The reproductive system of women, unlike the male system, shows regular cyclical changes that can be considered periodic preparations for fertilization and pregnancy. In humans and other primates, the cycle is called the menstrual cycle. Its most obvious feature is vaginal bleeding that occurs with peeling of the uterus’ lining (menstruation). The cycle’s length is notoriously variable, but the average figure is 28 days from the beginning of one menstrual cycle to the beginning of another. In practice, the days of the cycle are marked with a number, where the countdown begins on the first day of menstruation.
At birth, there are many primordial follicles under the ovarian capsule in women. Each contains an immature ovum. At the beginning of each cycle, several of these follicles enlarge, and a cavity is created around this (creation of an antrum). This cavity is filled with follicular fluid. In humans, usually, one of these ovarian follicles begins to grow rapidly, and around the sixth day, it becomes the dominant follicle, while the others undergo regression and become atretic follicles. The atretic process involves apoptosis.
It is not clear the mechanism by which one of the follicles is selected to become the dominant follicle in this follicular phase of the menstrual cycle, but this appears to be related to the follicle’s ability to secrete estrogen, needed for final maturation. Many follicles develop simultaneously when women are given highly purified human pituitary gonadotropins by injection.
The primary source of circulating estrogen in ovarian granulosa cells; Theca cells of the inner layer of the follicle are necessary for estrogen production as they secrete androgens that are aromatized into estrogens in granulosa cells.
At about 14. on the day of the cycle, the follicle ruptures, and the egg is released into the abdominal cavity – this is called the ovulation process. The ovum is “collected” by the fallopian tubes’ hairy ends. It is transmitted to the uterus and, unless fertilization occurs, further out through the vagina.
At the time of ovulation, the ruptured follicle quickly fills with blood, forming something sometimes called the corpus hemorrhagic. Minor bleeding from the follicles into the abdominal cavity can irritate the lower abdomen’s peritoneum and dull pain. Granulosa and theca follicle cells multiply rapidly, and clotted blood is rapidly replaced by yellowish, lipid-rich luteal cells, forming the corpus luteum. This begins the menstrual cycle’s luteal cycle, during which luteal cells secrete estrogen and progesterone. The growth of the corpus luteum depends on developing an adequate blood supply. There is evidence that vascular endothelial growth factor (VEGF) is likely essential for this process.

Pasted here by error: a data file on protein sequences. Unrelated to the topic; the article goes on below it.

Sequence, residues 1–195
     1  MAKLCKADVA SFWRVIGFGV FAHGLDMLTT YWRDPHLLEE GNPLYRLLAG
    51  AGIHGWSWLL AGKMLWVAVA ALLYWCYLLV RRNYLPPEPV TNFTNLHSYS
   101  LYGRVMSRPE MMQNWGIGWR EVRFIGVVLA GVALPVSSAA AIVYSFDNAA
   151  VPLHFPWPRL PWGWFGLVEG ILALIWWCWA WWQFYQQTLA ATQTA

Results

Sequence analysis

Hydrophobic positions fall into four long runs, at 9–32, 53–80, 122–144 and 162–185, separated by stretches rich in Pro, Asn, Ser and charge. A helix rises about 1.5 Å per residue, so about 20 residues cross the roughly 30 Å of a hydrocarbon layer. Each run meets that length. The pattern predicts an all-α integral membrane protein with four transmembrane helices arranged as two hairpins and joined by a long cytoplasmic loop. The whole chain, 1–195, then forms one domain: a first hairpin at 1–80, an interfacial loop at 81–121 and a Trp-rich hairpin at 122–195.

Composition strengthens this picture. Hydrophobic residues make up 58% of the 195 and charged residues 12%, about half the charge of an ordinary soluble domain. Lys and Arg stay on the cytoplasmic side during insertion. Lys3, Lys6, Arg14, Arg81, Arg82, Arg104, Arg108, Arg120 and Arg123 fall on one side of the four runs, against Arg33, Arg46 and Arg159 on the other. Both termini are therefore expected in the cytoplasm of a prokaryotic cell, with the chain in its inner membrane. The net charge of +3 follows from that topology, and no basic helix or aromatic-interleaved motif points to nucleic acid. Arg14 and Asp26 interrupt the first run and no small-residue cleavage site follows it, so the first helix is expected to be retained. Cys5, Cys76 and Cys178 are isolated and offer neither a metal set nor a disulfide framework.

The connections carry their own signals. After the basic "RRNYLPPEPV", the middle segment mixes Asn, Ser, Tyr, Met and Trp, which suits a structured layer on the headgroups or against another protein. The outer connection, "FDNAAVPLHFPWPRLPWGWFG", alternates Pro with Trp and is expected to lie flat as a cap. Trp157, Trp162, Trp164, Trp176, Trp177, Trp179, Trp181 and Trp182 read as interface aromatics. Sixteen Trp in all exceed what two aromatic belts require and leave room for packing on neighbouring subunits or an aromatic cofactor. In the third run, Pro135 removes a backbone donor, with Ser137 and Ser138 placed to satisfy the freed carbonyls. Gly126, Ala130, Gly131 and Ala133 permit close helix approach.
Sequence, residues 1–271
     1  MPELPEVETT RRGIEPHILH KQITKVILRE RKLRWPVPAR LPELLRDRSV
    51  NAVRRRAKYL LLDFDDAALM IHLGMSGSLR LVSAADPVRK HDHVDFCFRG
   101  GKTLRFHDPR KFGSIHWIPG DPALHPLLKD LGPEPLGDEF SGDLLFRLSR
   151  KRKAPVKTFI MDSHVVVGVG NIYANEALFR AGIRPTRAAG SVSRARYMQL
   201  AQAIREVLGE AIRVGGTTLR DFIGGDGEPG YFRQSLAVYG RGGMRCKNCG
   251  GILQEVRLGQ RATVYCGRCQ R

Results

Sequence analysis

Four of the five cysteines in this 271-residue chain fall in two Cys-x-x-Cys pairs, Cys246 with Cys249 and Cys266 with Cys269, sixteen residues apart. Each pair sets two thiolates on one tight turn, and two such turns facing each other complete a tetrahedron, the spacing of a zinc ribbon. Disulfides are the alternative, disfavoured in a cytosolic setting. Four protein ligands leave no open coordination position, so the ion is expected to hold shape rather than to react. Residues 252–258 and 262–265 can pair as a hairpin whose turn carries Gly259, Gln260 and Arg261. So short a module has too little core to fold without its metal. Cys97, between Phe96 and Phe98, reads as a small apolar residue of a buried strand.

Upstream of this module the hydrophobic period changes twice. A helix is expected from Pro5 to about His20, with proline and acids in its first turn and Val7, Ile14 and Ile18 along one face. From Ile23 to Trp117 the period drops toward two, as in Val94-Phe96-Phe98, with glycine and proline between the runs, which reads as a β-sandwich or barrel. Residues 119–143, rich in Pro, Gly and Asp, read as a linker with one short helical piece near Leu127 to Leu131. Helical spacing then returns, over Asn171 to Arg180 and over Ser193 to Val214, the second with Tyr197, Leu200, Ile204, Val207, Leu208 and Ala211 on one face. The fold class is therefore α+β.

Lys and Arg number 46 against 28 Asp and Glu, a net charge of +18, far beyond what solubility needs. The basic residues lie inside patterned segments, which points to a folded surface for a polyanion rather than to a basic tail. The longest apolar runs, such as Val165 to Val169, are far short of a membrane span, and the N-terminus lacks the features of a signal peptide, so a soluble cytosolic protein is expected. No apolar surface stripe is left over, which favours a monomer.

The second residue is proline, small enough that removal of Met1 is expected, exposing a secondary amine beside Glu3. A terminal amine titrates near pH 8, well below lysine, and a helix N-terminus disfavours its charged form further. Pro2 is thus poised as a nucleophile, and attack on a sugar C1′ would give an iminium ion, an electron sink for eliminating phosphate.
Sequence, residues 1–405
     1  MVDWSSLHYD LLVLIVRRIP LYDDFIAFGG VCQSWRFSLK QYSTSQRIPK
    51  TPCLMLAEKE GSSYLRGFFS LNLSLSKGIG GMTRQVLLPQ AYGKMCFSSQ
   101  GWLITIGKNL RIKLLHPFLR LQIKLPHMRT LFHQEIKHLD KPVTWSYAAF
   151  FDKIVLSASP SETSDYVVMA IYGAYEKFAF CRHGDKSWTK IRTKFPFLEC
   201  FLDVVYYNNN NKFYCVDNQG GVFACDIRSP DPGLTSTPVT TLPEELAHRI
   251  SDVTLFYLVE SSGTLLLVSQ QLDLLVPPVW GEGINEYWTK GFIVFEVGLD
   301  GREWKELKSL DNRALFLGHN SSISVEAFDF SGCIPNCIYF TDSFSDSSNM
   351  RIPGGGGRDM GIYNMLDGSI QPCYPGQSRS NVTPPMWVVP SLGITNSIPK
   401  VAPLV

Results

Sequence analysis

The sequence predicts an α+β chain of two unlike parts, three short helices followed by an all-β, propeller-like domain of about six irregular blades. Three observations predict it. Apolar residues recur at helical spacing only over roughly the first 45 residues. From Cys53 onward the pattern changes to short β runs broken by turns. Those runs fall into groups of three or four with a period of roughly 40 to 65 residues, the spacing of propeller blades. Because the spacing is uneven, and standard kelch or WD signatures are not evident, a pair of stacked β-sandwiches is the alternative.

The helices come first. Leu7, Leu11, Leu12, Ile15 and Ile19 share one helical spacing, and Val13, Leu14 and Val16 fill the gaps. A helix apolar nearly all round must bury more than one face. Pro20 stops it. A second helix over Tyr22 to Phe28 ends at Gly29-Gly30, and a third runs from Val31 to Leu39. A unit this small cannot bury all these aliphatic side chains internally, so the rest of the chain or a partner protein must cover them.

If pregnancy occurs, the corpus luteum remains preserved, and there is usually no menstruation until after delivery. If pregnancy does not occur, the corpus luteum begins to degenerate about four days before the next menstruation (day 24 of the cycle) and is eventually replaced by scar tissue, forming the corpus Albicans.
New eggs are not formed after birth. During fetal development, the ovaries contain about 7 million primordial follicles. Yet many involute before birth, and others are lost after birth. There are about 2 million eggs at the time of birth, but 50% are atretic. A million normal ones then go through the first part of the meiotic division and enter stagnant prophase in which those who survive to remain in the prophase until adulthood. Atresia continues during development, and the number of eggs in both ovaries at puberty decreases to less than 300,000. Only one of these eggs per cycle (about 500 during normal reproductive life) normally reaches maturity – the rest decays.
Just before ovulation, the first meiotic division is completed. One of the daughter cells, the secondary oocyte, takes up the most cytoplasm, while the other, the first polar body, fragments and disappears. The secondary oocyte immediately begins a second meiotic division, but this division stops in metaphase and is completed only if the egg is fertilized. At that time, the second polar body is discarded, and the fertilized egg begins to form a new individual.
At the end of menstruation, all layers, except the endometrium’s deep layers, are peeled off. The new endometrium then grows again under estrogen’s influence from developing ovarian follicles. The endometrium thickens rapidly from 5. to 14—days of the menstrual cycle. As the thickness increases, the uterine glands elongate but have no secretion. These uterine endometrium changes are called the proliferative phase, or sometimes the preovulatory or follicular phase of the cycle. After ovulation, the endometrium becomes more vascularized and somewhat edematous under the influence of estrogen and progesterone from the corpus luteum. The glands become more convoluted and begin to secrete clear fluid. Consequently, this phase of the cycle is called the secretory or luteal phase. Late in the luteal phase, the endometrium, an anterior pituitary gland, produces prolactin, but its role is unknown.
The endometrium is supplied with blood by two arteries. The superficial two-thirds of the endometrium that exfoliates during menstruation (stratum functional) is perfused by long, convoluted spiral arteries. Short and straight basilar arteries perfuse the deeper layer that is not exfoliated (stratum basale).
When the corpus luteum involutes, hormones’ flow to the endometrium stops. The endometrium thins, which contributes to further twisting of the spiral arteries. Foci of necrosis appear on the endometrium. Also, degeneration and spasm of the spiral arteries’ walls occur, leading to punctate hemorrhages that produce menstrual blood.